Civil War Wednesday: Horrors of War

The Battle of Wilson’s Creek. Kurz and Allison, Wikimedia Commons.

In his diary, Columbus Williamson Holbrook usually avoids serious topics.

Mostly, the young merchant from Mt. Vernon, Texas, writes about everyday things, among them women and food. He also writes about people he and the Mt. Vernon Grays encountered during their journey from the Piney Woods of east Texas to Springfield, Missouri, where they would join the Third Texas Cavalry in August of 1861.

For instance, on Aug. 4, Holbrook writes, “We saw six or eight indians this morning at a spring which were a great curiosity to some of the boys.”

Holbrook also mentions people who gave them corn for their horses or invited them to dinner. I’d like to find out who these people were — Mr. Dowdy, Mr. Frank Simms, Mr. Starr, Mr. Leebough, Mr. Wilks and others. One could spend a lifetime, I imagine, addressing every little thing mentioned in Holbrook’s diary.

At some point, however, War had to rear its ugly head. This is a Civil War diary, after all.

On Aug. 12, not too far from Fayetteville, Arkansas, the Mt. Vernon Grays stop for the night on the property of a Mr. Calahan. There, Holbrook writes, “we heard the good news of the battle and glorious victory of our army at Springfield.”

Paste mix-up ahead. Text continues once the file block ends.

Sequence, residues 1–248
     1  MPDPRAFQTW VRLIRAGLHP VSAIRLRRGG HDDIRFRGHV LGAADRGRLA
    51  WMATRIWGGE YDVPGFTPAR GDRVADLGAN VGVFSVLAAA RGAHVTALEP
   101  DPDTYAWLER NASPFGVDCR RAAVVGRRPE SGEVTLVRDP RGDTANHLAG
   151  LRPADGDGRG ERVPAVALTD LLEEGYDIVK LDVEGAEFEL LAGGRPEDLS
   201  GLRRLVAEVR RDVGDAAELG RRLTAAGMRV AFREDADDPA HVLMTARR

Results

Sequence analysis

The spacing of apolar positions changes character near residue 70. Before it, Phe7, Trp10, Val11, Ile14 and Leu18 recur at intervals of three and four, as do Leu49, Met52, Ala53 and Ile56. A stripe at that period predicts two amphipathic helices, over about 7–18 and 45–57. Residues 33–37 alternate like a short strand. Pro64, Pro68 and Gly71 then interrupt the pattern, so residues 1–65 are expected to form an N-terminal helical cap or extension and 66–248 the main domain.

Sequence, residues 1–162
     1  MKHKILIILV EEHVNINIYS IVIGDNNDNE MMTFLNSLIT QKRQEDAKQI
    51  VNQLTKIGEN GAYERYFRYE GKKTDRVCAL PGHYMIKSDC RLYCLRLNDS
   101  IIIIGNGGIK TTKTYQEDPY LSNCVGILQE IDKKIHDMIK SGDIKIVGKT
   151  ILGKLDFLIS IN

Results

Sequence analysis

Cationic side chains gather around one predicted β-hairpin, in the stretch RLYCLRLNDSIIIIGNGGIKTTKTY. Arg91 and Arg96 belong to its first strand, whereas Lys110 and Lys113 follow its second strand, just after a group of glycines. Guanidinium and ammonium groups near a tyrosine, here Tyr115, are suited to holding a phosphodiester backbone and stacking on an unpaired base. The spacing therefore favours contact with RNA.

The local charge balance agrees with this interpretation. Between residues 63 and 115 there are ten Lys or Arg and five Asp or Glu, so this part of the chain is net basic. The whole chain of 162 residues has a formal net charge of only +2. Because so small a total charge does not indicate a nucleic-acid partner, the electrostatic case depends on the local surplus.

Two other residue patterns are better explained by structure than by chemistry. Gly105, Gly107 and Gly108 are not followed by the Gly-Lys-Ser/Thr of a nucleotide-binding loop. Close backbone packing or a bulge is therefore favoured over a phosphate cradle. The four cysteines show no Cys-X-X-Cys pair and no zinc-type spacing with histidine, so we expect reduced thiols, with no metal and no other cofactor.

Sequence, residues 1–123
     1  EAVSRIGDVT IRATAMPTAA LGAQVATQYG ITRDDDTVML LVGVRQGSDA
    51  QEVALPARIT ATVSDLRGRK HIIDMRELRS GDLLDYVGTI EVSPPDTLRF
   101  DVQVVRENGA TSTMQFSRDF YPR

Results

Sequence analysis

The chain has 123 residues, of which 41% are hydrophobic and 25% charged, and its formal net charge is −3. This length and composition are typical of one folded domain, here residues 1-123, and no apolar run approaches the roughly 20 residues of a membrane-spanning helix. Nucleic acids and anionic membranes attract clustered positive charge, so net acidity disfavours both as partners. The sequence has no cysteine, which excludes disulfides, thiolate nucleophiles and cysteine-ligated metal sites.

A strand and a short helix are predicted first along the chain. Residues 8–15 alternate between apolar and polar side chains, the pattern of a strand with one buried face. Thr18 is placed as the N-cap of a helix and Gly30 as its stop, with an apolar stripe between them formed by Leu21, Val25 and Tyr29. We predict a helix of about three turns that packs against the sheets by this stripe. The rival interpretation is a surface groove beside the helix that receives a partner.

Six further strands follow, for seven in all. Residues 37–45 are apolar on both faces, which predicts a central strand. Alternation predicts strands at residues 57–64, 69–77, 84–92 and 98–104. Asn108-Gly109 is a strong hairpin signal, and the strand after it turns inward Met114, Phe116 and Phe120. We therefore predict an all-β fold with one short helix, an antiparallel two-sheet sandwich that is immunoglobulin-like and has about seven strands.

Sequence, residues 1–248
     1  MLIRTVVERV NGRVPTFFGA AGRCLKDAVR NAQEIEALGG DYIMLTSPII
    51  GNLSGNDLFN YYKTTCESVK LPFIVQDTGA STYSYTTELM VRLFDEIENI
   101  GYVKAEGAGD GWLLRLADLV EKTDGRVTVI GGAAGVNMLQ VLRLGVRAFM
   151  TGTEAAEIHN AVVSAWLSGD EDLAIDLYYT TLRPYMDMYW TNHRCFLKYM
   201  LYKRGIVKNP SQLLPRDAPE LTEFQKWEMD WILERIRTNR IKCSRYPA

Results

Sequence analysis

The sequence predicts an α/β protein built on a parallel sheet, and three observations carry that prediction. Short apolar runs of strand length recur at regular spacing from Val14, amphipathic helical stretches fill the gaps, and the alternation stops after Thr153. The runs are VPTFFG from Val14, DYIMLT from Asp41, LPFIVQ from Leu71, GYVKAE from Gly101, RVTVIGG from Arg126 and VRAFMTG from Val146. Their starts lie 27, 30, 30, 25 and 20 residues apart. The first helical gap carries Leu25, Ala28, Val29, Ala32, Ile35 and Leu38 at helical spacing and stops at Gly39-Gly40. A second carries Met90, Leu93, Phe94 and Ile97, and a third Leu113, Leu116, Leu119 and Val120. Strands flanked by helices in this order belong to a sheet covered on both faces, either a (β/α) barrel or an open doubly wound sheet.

The battle he writes about is Wilson’s Creek, fought on Aug. 10, 1861. It was a Confederate victory. After arriving in Springfield on Aug. 14, Holbrook jots down his observations (paragraphs added, but otherwise as written):

Today being the fifteenth day since we left home we set out early for the camp which is five miles this side of Springfield a distance of forty miles for to days travel. We did not stop to get diner or feed our horses but rolled on through the dust that had been beat up as fine as flour by army ahead

we met crowds of people going to and fro who had been to the battle field anxiously enquiring about their friends. For thirty miles along the road to Springfield there is scarcely a hous that is occupied, their finery torn down and crops distroyed, stacks of grain eaten up, houses lef open, beds and furniture scattered over the floor, yard gates torn down, ruin and devastation has spread over the land. …

We got to the battlefield about three o’clock this evening. When we got there, we met with Lieu[tenant] Conly from Capt Bryants Company, who went with us over the battlefield and showed us where the principal engagements were.

The Lincolnites buried their dead for three days, but when we got there four days after the battle there were plenty of dead Dutch upon the field, which presented quite a gastly specticle to see poor human beings left dead upon the sod, uncared for but by the ugly fowls that eat their flesh. …

Next week — perhaps two weeks from now, depending on how the research goes — I’ll try to answer the question, “Who were the Mt. Vernon Grays?”

In addition to the diary, I’ve been studying Holbrook’s company roster, the census and other public records to try to determine who these nine young men were. It’s not the easiest question to answer, without benefit of a time machine, but I’ll do my best.

Until next time.

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